Incredible Story Of Survival: Bushwalker Crawls For Two Days Dragging Broken Leg
Pia Miranda may have been officially crowned Australian Survivor on Tuesday night, but experienced bush walker Neil Parker is giving her a run for the title.
The 54-year-old crawled with a fractured leg and wrist for two days after falling down a waterfall at Mt Nebo, north-west of Brisbane.
Parker was halfway through his planned three-hour walk when he began climbing a waterfall he'd climbed many times before -- and slipped.
"I caught myself the first time as it started to slide, but I gained too much momentum and I slid about 20 foot, cartwheeled, slammed into the rock and landed in the creek at the bottom," he told reporters from his hospital bed.
At this point Parker says he knew he was in a lot of trouble, admitting one of the things he did wrong was not tell anyone where he was.
While checking his phone and realising the gully he was in had no reception, bad luck would strike Parker once again.
"I went to put my phone into my pocket, missed my pocket and straight into the drink," he said.
"Now I have no way of contacting the outside world. The only way I can get rescued is self rescue."
What the bush walker did next should have Survivor producers picking up their phones and asking him to start creating challenges for next year's Survivor All Stars.
Realising a junction track he'd stopped at earlier for a break was frequently used by exercising locals, Parker began a slow journey back there.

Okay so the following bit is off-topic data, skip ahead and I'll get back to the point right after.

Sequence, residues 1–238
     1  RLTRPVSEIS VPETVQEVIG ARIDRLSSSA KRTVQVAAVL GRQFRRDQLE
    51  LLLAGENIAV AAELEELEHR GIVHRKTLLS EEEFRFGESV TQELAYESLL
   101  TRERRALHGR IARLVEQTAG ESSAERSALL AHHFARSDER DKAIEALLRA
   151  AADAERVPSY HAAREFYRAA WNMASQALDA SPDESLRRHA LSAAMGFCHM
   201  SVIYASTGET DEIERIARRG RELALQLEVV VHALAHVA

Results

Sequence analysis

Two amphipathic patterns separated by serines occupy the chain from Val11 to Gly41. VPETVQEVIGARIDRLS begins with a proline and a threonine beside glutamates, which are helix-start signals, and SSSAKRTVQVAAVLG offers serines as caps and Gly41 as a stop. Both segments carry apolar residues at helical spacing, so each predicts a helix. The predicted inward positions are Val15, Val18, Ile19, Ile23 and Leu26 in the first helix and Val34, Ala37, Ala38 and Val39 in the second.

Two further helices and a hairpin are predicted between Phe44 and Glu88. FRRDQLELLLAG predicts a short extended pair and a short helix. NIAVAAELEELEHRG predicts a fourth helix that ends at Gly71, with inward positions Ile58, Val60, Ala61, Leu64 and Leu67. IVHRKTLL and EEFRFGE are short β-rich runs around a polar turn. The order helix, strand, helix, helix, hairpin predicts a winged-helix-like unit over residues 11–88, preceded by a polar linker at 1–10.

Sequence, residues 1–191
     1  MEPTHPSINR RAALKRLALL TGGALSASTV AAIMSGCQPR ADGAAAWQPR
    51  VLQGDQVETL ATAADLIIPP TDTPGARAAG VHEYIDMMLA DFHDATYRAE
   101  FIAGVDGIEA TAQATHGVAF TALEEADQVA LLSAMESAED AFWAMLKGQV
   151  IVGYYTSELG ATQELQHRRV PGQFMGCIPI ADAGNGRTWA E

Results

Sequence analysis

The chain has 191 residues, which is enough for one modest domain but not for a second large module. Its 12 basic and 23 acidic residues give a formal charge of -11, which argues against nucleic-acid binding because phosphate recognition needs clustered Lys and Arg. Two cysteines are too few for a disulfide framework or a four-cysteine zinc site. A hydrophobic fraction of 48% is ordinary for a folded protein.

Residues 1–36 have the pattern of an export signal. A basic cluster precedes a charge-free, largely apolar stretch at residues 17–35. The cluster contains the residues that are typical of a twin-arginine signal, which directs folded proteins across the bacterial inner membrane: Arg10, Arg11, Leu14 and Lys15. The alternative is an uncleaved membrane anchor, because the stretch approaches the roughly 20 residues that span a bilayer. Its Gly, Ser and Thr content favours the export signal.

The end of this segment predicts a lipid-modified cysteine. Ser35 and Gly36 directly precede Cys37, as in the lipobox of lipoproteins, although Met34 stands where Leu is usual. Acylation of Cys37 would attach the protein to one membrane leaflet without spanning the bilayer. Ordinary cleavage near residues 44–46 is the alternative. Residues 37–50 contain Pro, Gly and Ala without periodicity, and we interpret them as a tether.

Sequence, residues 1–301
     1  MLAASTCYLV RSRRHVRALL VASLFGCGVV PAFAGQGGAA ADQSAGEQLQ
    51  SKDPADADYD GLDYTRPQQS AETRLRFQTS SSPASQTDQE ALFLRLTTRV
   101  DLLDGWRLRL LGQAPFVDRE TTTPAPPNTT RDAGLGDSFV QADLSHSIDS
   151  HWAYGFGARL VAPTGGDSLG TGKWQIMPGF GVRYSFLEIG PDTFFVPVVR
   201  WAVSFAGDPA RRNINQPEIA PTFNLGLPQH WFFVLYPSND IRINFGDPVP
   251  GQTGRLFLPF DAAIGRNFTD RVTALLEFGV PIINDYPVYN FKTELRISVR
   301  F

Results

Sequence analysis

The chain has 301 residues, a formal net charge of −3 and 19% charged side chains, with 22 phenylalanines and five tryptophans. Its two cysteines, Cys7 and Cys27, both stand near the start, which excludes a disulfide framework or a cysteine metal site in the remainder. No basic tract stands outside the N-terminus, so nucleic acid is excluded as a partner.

"I had a bandage around me elbow," Parker said.
He showed reporters how he'd dragged himself on his one good arm, while using walking polls to splint his broken leg.
The path which had taken him just 40 mins on Sunday took two days of scrambling, inch by inch, with his injuries.
Eventually Parker was located by a helicopter, getting its attention using a foil blanket. He is now being treated at Brisbane's Princess Alexandra Hospital.
"I've never heard any such survival effort with two broken limbs.," Orthopaedic Surgeon Nicola Ward told reporters.
"Essentially, with an ankle fracture like he's got, the limb is a deadweight and useless, you can't walk on it, you can't put weight through it and you need to drag it and similarly with the wrist."
During his ordeal, Parker self-medicated with Panadol and Nurofen for the pain, but said it was ultimately the reality of his circumstances which got him through,
"If I didn't do something to get myself out the chances of me being here today were a lot less," he said.
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